- Obama not worried about Ebola at upcoming African summit in D.C.
- Obama: ‘We tortured some folks’ after 9/11
- Obama administration asked whole D.C. Circuit to take on major Obamacare case
- Mark Levin: Topple GOP leadership or country will ‘unravel’
- Massachusetts to let police chief deny gun buys to those deemed unfit
- John Kerry condemns attack on Israeli soldiers, kidnapping
- U.S. starts to evacuate American Ebola patients from West Africa: Report
- Geraldo slammed as ‘dummy’ for backing Clinton’s bin Laden claim
- Israeli spokesman: No need to debate who broke the cease-fire
- 35 Palestinians killed; Israeli officer missing
North Koreans salute, cry for late leader Kim Jong-il
Question of the Day
PYONGYANG, North Korea (AP) — Tens of thousands of North Koreans lined the snowy streets of Pyongyang on Wednesday, wailing and clutching their chests as a black hearse carried late leader Kim Jong-il’s body through the capital for a final farewell.
The procession also put his young son and successor, Kim Jong-un, on center stage. He was head mourner on a gray and freezing day, walking with one hand on the hearse, the other raised in salute, his head somberly bowed against the wind.
At the end of the 2½-hour procession, Kim Jong-un stood flanked by the top party and military officials who are expected to be his inner circle of advisers as rifles fired 21 times, then saluted again as goose-stepping soldiers carrying flags and rifles marched by.
Kim Jong-il — who led the nation with absolute rule after father Kim Il-sung’s death in 1994, through a devastating famine that killed hundreds of thousands and a controversial drive to build up nuclear and missile programs that earned North Korea international sanctions and condemnation — died of a heart attack Dec. 17 at age 69.
Mourners in parkas lined the streets of Pyongyang, waving, stamping and crying as the convoy bearing his coffin passed by. Some struggled to get past police holding back the crowd.
“How can the sky not cry?” a weeping soldier standing in the snow said to state TV. “The people … are all crying tears of blood.”
Even as North Koreans mourned the loss of the second leader the nation has known, the transition of power to Kim Jong-un was well under way. The young man, who is in late 20s, is already being hailed by state media as the “supreme leader” of the party, state and army.
Mr. Kim was somber in a long, dark overcoat as he strode alongside his father’s hearse accompanied by top party officials behind him and key military leaders on the other side of the limousine — a lineup that provided a good look at who will make up the core leadership in North Korea.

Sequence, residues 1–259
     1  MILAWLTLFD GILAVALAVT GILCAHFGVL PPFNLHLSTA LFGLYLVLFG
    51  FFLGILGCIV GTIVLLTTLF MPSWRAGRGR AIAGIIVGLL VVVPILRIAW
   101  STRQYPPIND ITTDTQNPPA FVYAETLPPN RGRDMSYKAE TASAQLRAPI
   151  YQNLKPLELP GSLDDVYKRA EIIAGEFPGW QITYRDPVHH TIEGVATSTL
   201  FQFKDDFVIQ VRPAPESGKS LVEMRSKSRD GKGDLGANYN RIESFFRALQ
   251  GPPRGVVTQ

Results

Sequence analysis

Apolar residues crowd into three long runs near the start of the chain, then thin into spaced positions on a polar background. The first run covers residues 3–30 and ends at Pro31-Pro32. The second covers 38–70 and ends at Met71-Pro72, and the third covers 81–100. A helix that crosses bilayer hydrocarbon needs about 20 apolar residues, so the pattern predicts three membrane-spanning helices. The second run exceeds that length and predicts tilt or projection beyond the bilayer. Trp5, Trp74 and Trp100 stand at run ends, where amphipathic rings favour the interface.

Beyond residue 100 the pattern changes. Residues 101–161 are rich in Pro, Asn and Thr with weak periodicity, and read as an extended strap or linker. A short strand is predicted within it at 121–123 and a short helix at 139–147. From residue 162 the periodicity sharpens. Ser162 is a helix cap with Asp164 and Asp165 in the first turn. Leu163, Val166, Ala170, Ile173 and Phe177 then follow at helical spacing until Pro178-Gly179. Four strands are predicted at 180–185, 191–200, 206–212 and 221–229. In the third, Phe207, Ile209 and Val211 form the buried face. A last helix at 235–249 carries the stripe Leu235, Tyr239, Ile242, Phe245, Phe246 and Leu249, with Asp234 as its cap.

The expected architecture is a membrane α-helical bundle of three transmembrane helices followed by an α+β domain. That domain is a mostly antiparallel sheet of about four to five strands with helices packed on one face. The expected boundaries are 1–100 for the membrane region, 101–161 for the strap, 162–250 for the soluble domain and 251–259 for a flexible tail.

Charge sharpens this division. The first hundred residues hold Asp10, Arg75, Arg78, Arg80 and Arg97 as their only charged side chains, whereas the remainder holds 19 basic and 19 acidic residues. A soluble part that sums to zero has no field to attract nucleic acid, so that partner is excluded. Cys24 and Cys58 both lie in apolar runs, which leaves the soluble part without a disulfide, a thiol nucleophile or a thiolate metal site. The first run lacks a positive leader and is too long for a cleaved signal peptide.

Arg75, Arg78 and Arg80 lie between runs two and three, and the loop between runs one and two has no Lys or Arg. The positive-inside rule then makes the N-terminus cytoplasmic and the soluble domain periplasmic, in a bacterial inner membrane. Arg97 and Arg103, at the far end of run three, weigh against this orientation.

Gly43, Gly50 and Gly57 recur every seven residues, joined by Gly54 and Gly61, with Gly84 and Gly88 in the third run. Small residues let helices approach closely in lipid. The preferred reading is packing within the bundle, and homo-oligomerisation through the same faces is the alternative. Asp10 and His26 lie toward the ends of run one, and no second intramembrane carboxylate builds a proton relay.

Also escorting the limousine were military chief Ri Yong-ho and People’s Armed Forces Minster Kim Yong-chun. Their presence indicates they will be important players as the younger Mr. Kim consolidates his leadership.
Top Workers’ Party officials Choe Thae-bok and Kim Ki-nam and senior military officer Kim Jong-gak also took prominent positions.
“It shows they will be core powers in North Korea,” said Yoo Ho-yeol, a professor at Korea University in South Korea. “Particularly, Jang Song-thaek and Ri Yong-ho will be key to Kim Jong-un’s leadership.”
The early part of the funeral ceremony was shrouded in secrecy, as in 1994, when Kim Il-sung died. Back then, Kim Jong-il and top officials held a private, hourlong ceremony inside the Kumsusan Memorial Palace before the procession through the city, according to his official biography.
Pyongyang’s foreign diplomats were invited to attend the procession, though few other outsiders appeared to be allowed into the country for the funeral.
TWT Video Picks
By Orrin G. Hatch
Procedural changes impede the chamber's traditional deliberative function
- U.N. condemns Israel, U.S. for not sharing Iron Dome with Hamas
- Border agents cleared of civil rights complaints from illegal immigrant children
- Obama military strategy too weak for future security, panel reports
- Ben Carson takes major step toward presidential campaign
- Porn-surfing feds blame boredom, lack of work for misbehavior
- Pentagon wants extra $19M to equip, train Ukrainian troops
- 'Big Bang' star Mayim Bialik helps send bulletproof vests to IDF
- Feds raid S.C. home to seize Land Rover in EPA emission-control crackdown
- Australia issues arrest warrant for men believed to be homegrown ISIL terrorists
- Iraq Christians get meeting with top Obama aide
Top 10 U.S. military helicopters
Obama's biggest White House 'fails'
Celebrities turned politicians
Athletes turned actors